Disaster proof your home

After disaster hits, homeowners need to assess the condition of their property. While damage can lead to a huge financial blow to homeowners' bank accounts, this destruction may be preventable. Through updating their property and reinforcing their home's existing features, homeowners can disaster-proof their house and save on home insurance.

Here are ways to strengthen homes to avoid damage:

Put in shatter-proof glass
During a storm with strong winds or other severe weather events, windows are at risk for breaking. This could lead to injuries and damage to property inside. To prevent insurance costs from glass-related destruction, homeowners should replace their old windows with shatter-resistant models, according to the Insurance Information Institute.

Brace heating equipment and appliances
When earthquakes happen, it is easy for heavy-duty items to fall and potentially hit someone on the way down. Insurance Institute for Business & Home Safety suggested homeowners brace equipment that is at risk for striking people, from heating equipment to appliances.

IBHS noted damage to a water heater could also result in fire and water hazards. Homeowners should consider reinforcing water heaters with materials they can find in any hardware store, including a 2 x 4 wood block, shelving brackets and plumber's strapping.

For appliances, IBHS stated appliances connected to water or gas lines are also at risk for tipping. The organization said homeowners should anchor these appliances using safety straps or cables.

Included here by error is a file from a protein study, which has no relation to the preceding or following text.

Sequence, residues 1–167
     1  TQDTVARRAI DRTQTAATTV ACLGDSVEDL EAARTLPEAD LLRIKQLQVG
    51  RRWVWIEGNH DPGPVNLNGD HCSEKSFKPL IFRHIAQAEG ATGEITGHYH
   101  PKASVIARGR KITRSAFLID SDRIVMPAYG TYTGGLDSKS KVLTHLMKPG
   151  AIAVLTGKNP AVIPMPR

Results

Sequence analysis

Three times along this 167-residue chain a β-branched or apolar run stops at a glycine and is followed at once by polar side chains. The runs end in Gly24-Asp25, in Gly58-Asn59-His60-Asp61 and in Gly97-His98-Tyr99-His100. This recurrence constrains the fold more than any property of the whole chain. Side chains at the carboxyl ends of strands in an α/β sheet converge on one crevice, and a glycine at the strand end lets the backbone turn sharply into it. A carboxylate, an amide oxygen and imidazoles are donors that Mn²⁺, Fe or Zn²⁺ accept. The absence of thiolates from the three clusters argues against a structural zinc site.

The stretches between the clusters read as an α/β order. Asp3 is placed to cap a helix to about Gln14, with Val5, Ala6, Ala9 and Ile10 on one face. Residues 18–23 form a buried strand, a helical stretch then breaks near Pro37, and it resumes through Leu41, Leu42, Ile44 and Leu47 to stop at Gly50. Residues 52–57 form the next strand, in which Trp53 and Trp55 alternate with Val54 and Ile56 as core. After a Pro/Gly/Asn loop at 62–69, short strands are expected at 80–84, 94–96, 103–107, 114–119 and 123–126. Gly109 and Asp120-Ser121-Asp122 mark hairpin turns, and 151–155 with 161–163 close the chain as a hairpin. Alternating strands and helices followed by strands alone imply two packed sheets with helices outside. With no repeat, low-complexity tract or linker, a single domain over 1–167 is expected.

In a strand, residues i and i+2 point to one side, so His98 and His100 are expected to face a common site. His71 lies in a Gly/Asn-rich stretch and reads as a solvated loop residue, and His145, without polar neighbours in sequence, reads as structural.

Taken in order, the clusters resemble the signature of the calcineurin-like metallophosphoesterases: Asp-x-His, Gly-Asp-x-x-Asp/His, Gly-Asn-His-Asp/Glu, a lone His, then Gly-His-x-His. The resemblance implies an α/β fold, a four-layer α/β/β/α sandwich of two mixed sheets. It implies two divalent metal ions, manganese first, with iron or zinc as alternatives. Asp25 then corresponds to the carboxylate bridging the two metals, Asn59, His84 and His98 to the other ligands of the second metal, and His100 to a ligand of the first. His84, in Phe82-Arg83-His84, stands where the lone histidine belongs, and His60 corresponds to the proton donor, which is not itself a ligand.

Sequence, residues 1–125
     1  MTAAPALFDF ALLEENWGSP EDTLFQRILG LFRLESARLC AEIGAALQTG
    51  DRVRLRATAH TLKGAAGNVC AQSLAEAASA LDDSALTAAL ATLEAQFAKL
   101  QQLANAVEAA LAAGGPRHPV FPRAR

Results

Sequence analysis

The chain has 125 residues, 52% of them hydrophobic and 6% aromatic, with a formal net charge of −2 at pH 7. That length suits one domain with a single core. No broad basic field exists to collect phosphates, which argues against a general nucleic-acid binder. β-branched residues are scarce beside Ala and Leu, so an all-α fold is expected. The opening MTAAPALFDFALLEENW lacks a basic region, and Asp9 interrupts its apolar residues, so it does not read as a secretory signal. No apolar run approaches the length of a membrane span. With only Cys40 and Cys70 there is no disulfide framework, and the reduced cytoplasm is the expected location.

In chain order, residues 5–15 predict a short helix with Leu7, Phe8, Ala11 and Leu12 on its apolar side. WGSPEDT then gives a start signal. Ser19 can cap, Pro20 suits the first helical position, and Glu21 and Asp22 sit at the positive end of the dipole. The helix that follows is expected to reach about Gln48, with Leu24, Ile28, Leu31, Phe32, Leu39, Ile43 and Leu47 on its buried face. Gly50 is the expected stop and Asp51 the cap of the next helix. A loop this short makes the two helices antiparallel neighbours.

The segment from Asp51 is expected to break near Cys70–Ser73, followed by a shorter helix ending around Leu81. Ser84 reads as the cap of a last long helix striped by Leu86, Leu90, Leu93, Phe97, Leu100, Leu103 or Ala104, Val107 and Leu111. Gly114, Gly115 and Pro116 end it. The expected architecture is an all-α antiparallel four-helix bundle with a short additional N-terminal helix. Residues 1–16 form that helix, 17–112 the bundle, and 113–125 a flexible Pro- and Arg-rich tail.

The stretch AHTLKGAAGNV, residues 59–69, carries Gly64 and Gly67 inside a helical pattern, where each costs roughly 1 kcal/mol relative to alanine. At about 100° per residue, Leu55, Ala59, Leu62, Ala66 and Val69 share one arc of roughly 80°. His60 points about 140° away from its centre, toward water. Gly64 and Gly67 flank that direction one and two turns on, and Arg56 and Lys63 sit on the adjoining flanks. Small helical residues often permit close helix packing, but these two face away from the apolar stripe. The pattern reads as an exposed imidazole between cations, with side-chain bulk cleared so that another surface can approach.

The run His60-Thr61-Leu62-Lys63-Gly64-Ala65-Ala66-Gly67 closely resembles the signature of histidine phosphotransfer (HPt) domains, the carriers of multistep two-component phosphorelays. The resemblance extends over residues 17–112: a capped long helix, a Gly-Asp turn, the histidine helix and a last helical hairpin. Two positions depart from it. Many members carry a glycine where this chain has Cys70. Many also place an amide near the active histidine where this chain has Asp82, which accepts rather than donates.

Install a new roof
Damage to certain parts of the home make the structure more vulnerable to damage. This is especially true for roofs. Since roofs provide a first line of defense for water, debris, wind and other forces of nature, homeowners should make sure they are the best quality. If property owners notice their roof has signs of aging, such as broken or missing shingles, they can renovate their home and install a new covering. According to Bankrate, some homeowners insurance policies may not offer coverage for roofs if they are too old.

An updated roof not only ensures insurance coverage, but also lower rates depending on the type of roof. Jim Towns, an owner of an Allstate insurance agency, told Bankrate installing a new roof can reduce home insurance costs by between 10 and 20 percent.

The special characteristics of the roof designed to lower risks can also minimize insurance costs. These include hurricane straps and high-quality shingles.

CoverHound has search tools available to compare home insurance companies.

Favorite Articles